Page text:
Home Forums Ganymede & Titan Forum Why has Red Dwarf from a production point of view always ran into problems?

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    One thing that I have noticed about Red Dwarf, even in its BBC days, is that whatever the series from a production point of view it seems to have always ran into problems. Everybody knows how hard it was for Grant Naylor to get the show commissioned, eventually managing to ‘sneak in through the back door’ at BBC Manchester, and even then when the show finally began there were problems right from the start.

    Be it mismanagement, miscommunications between the production crew, issues with model shots, issues with directors (such as how Juliet May famously left the show half way through Series V), and issues with the budget, most other shows arguably have never had to deal with the amount of problems in the same way that Red Dwarf has. I cannot imagine any other successful BBC comedy series, such as Only Fools and Horses or Steptoe and Son, being allowed to deal with the amount of issues that Red Dwarf has had to face over the years. Had either of these two shows encountered any of the problems that Red Dwarf has had, I am quite sure that the BBC management would not have tolerated it and would have taken action to ensure any issues were quickly resolved. Yet, it seems, Red Dwarf was allowed to continue with little help in overcoming its issues.

    Whilst one might be forgiven for thinking that when Red Dwarf was commissioned in the 1980s it was a groundbreaking show and learning curve for everybody involved, so consequently mistakes were bound to happen, even now in the Dave era the stories about production problems and budget issues are seemingly never ending – have no lessons been learnt from the first eight series? Why are Dave and UKTV repeating the same mistakes that the BBC made all those years ago?

    What are all your thoughts on this?


    I’d always presumed it was less a case of Dwarf being unusual in having productions problems, and more that they’re unusual in openly discussing them.

    How many other sitcoms have 30+ minute in-depth documentaries on every series DVD? (That’s not a rhetorical question, genuinely asking.)


    I agree – I’m sure if you looked into most shows you would find stories of difficulties behind-the-scenes. We’re just (naturally) a lot more familiar with this show, and the extensive documentaries about it are always going to focus on the most dramatic angle on the production.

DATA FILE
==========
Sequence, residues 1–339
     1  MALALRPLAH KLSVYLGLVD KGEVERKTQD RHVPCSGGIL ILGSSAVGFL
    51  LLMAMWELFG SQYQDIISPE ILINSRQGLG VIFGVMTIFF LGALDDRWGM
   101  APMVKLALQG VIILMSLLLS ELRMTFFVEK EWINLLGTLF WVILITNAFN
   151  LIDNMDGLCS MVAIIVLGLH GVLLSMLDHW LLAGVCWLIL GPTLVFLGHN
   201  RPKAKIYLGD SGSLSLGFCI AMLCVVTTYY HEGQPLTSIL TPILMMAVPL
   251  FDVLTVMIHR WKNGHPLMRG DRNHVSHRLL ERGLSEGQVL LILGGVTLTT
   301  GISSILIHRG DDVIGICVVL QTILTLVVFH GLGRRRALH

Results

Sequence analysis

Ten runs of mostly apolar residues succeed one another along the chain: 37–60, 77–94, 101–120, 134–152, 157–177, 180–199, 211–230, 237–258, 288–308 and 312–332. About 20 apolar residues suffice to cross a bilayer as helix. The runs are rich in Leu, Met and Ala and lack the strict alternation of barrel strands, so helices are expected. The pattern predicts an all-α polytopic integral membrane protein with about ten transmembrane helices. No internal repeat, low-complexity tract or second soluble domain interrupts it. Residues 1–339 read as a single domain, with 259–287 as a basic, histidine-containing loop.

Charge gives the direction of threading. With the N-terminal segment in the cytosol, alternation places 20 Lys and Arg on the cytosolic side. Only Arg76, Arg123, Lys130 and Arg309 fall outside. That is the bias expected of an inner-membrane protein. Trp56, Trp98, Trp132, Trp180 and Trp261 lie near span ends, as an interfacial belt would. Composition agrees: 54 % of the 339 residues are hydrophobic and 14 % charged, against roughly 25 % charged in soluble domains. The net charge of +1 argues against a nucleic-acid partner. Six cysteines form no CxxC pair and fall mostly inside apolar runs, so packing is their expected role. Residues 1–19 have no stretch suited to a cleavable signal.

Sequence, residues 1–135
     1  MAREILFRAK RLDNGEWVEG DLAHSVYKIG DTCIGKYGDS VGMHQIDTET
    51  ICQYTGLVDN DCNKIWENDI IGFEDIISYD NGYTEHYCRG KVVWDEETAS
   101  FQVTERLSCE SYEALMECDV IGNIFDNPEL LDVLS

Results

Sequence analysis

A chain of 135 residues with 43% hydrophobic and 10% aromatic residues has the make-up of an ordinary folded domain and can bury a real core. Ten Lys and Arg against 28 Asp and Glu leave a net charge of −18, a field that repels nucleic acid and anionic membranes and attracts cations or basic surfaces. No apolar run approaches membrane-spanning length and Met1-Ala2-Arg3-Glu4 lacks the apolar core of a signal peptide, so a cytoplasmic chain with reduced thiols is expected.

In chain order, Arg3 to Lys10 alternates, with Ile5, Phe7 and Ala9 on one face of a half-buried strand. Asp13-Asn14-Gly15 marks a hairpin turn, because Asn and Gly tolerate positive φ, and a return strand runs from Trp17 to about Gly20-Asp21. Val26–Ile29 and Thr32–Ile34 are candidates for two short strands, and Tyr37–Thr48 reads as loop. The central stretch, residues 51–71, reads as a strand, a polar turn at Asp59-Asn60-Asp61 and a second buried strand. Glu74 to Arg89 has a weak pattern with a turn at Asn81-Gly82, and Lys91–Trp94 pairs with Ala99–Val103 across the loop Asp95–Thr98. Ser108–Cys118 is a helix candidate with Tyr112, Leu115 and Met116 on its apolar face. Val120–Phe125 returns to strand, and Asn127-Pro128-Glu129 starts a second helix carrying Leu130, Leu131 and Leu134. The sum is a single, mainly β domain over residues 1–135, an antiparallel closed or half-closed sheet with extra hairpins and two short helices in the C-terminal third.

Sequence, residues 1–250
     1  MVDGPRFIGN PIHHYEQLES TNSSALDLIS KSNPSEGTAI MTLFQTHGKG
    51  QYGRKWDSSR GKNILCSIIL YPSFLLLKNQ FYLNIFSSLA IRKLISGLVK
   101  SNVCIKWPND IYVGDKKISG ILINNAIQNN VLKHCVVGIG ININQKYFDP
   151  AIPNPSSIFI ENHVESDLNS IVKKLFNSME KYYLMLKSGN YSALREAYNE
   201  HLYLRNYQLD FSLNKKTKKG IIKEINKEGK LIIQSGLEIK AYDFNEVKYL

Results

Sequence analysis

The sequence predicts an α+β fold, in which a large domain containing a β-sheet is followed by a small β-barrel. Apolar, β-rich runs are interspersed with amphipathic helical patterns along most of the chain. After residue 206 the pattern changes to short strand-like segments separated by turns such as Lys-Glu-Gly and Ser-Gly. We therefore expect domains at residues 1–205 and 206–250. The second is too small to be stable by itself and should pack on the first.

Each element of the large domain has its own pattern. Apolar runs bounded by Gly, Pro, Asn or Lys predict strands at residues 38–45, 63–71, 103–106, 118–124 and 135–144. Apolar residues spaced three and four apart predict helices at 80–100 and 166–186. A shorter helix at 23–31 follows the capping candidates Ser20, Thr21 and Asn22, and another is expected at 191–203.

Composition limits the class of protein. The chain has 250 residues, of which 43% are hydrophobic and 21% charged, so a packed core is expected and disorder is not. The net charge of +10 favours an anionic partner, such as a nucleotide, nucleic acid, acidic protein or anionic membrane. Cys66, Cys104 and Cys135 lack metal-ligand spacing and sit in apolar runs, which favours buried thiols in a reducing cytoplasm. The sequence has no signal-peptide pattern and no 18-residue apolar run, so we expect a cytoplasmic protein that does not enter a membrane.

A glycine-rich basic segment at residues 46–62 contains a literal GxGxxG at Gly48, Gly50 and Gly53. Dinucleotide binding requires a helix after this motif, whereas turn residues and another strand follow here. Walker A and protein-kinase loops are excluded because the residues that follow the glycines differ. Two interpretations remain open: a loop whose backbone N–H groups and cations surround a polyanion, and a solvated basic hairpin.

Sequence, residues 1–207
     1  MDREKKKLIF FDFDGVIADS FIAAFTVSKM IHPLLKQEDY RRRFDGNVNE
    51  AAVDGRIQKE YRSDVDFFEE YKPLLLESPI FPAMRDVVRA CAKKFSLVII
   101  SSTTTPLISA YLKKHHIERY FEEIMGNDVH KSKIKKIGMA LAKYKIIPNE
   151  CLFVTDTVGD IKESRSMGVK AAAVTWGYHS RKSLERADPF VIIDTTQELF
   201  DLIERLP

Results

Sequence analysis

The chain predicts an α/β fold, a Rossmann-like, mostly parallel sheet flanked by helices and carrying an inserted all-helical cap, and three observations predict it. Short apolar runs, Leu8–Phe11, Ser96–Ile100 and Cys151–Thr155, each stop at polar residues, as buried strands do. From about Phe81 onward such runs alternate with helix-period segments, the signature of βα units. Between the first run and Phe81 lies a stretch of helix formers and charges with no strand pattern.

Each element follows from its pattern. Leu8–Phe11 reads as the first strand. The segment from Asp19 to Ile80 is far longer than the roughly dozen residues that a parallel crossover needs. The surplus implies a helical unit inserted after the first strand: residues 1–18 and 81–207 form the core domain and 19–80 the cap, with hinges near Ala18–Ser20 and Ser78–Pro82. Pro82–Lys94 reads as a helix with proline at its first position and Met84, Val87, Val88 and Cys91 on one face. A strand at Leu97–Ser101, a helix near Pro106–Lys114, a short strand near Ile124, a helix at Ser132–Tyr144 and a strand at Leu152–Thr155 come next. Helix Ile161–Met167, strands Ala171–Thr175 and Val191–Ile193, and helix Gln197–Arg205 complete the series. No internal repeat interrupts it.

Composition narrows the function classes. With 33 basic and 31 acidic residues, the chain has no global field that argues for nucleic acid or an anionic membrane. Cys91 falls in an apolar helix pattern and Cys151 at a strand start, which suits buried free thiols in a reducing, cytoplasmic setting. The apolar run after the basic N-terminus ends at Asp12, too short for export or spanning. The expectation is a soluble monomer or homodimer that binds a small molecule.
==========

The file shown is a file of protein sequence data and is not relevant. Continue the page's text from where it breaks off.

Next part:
I’d imagine there’s probably a lot more to go wrong in Red Dwarf than your average sitcom.

    Ben Saunders

    It is an extremely ambitious show. How many other sitcoms have such involved model shots and special effects? The dissolution of your writing team and a couple of questionable decisions may also generate problems.

    There are also a lot more scrutinous eyes on the show, and of course the incredibly open documentaries

    And Red Dwarf certainly isn’t the only show that got knocked back several times – in fact I’d assume almost all shows ever get knocked back so many times they never actually get made.


    You forgot the minor problem it ran into once of being cancelled for ten years.

    Me Own Stunts

    Has Red Dwarf really run into more problems than most other shows? Or do we just know about its problems more than other shows because the DVD documentaries/commentaries are so extensive and candid?


    >Has Red Dwarf really run into more problems than most other shows? Or do we just know about its problems more than other shows because the DVD documentaries/commentaries are so extensive and candid?

    True, but even Doug himself has admitted that the crew (assuming he means the cast and writers) were always considered to be “outsiders at the BBC”, so it’s highly likely that the corporation were not the most supportive when it came to producing the series. This anecdote has even been reported in the mainstream media:



    Red Dwarf is ridiculously complicated for an audience sitcom. If you know anything about how
    TV shows are produced, it’s really not surprising that making a show like Red Dwarf as an audience sitcom with an audience sitcom budget is so much more difficult and strenuous than a normal audience sitcom or even a single camera sci-fi drama.


    hey it’s february 26th now


    oh bollocks wrong thread

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